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WHAT YOU NEED TO KNOW:
Kaposi sarcoma (KS) is a type of skin cancer. KS may appear on any part of your skin. It can also be found in your lymph nodes, stomach, intestines, liver, spleen, lungs, and bones. KS may start in one area and spread to other areas. This cancer is most common in people who have HIV, AIDS, or a human herpes virus-8 (HHV-8) infection. People who have had an organ transplant may also get KS.
- Medicines may be given to decrease pain. You may also get medicine to put on your skin to stop cancer cells from growing and to kill new cancer cells. If you have HIV or AIDS, you will be given medicine to treat the viral infection.
- Take your medicine as directed. Call your healthcare provider if you think your medicine is not helping or if you have side effects. Tell him if you are allergic to any medicine. Keep a list of the medicines, vitamins, and herbs you take. Include the amounts, and when and why you take them. Bring the list or the pill bottles to follow-up visits. Carry your medicine list with you in case of an emergency.
Follow up with your healthcare provider or oncologist as directed:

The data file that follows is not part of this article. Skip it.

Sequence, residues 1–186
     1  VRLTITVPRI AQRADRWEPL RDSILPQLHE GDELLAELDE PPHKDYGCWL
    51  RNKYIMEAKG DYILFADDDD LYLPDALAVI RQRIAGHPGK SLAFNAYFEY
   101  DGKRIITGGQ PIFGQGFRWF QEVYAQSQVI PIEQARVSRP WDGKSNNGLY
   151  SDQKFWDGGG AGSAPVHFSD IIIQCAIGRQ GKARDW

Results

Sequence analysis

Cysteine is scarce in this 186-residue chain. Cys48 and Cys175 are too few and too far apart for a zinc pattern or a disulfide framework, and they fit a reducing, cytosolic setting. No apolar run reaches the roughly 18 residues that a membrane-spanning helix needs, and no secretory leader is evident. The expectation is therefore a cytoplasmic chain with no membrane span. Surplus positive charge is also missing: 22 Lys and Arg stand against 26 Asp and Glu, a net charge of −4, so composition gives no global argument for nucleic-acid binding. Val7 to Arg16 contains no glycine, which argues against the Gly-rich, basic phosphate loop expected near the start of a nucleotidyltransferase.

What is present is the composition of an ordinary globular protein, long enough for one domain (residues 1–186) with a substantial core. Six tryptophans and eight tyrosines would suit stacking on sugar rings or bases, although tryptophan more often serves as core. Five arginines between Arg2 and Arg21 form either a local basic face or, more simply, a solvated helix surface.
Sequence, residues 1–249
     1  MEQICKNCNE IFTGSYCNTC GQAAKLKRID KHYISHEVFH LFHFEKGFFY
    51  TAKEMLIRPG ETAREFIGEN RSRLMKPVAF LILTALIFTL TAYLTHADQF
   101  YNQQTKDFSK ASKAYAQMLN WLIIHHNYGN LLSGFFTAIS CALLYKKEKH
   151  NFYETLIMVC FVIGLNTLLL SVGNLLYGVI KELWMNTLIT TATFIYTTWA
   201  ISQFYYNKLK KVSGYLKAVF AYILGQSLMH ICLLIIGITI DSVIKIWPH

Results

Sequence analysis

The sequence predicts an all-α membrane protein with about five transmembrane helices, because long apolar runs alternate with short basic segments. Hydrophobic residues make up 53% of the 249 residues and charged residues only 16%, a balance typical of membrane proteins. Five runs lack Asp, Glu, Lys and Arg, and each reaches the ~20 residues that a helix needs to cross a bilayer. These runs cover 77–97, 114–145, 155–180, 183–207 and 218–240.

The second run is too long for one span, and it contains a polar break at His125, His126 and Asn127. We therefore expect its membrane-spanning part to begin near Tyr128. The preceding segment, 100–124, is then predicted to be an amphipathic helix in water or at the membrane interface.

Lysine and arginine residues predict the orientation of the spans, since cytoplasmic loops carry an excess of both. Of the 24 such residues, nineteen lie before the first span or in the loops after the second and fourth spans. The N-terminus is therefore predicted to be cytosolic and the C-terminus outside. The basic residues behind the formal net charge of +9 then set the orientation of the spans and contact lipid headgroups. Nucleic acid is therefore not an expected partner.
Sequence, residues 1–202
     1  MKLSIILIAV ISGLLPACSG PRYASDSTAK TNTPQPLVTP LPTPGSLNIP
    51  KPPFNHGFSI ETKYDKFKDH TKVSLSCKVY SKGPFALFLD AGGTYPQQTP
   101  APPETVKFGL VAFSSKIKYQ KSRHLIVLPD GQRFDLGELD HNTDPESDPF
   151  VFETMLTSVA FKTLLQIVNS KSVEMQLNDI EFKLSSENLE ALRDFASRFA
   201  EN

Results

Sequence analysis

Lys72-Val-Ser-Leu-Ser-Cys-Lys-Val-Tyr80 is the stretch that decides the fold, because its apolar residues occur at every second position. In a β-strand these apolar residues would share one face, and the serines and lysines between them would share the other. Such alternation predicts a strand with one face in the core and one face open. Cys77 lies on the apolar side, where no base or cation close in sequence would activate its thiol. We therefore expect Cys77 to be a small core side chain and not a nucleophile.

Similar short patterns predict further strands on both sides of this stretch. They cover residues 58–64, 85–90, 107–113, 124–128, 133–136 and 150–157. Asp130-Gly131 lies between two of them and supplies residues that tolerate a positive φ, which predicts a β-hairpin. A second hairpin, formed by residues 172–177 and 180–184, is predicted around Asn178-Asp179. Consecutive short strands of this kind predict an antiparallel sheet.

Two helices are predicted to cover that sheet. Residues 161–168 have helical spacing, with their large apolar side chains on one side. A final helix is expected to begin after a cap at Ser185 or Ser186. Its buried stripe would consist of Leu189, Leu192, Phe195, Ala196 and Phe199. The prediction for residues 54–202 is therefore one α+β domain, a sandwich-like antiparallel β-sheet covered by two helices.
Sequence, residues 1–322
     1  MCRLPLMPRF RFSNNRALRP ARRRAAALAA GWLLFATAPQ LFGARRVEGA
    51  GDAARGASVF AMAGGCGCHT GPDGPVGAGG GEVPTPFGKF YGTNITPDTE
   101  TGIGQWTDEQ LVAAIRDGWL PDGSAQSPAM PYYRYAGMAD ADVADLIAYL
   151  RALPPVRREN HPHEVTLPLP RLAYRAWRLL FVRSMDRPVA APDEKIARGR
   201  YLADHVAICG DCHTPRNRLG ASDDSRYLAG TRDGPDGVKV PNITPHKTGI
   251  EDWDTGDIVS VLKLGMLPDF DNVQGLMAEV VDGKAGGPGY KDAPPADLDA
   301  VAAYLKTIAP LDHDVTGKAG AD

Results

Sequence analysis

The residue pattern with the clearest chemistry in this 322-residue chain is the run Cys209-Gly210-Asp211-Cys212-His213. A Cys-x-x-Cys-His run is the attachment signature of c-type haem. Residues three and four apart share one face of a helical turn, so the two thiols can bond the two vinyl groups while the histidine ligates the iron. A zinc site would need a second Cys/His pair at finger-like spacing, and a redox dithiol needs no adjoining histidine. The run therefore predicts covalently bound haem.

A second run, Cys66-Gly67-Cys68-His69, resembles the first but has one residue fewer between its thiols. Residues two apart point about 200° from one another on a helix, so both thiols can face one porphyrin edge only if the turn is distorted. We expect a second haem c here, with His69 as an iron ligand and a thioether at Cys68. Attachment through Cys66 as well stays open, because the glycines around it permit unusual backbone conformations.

Write down your questions so you remember to ask them during your visits.
Manage your symptoms of KS:
- Care for your mouth. Brush your teeth twice daily. Floss your teeth regularly, and use mouthwash. This may decrease your risk for mouth pain and trouble eating and swallowing.
- Eat healthy foods. Healthy foods include fruits, vegetables, whole-grain breads, low-fat dairy products, beans, lean meats, and fish. Ask if you need to be on a special diet.
- Wear support stockings and elevate your legs as directed by your healthcare provider to decrease swelling. Support stockings are also called compression garments. Support stockings are often worn during the day and removed at night. Ask your healthcare provider how to care for your skin.
- Go to physical therapy as directed. A physical therapist teaches you exercises to help improve movement and strength, and to decrease pain.
Contact your healthcare provider or oncologist if:
- You have a fever.
- You get more sores on your skin, or they are more painful or itch.
- You have increased fatigue or weakness.
- Your hands and feet are itchy, swollen, or painful.
- You have numbness or tingling in your hand or foot.
- You have trouble eating or swallowing.
- You have nausea or vomiting that will not stop.
- You have diarrhea or constipation, or blood in your bowel movement.
- Your leg is swollen and painful and makes it difficult to walk.
- You have bone pain or increased headaches.
- You cannot control when you urinate.
- You have questions or concerns about your condition or care.
Seek care immediately or call 911 if:
- You have trouble breathing or cough up blood.
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The above information is an educational aid only. It is not intended as medical advice for individual conditions or treatments. Talk to your doctor, nurse or pharmacist before following any medical regimen to see if it is safe and effective for you.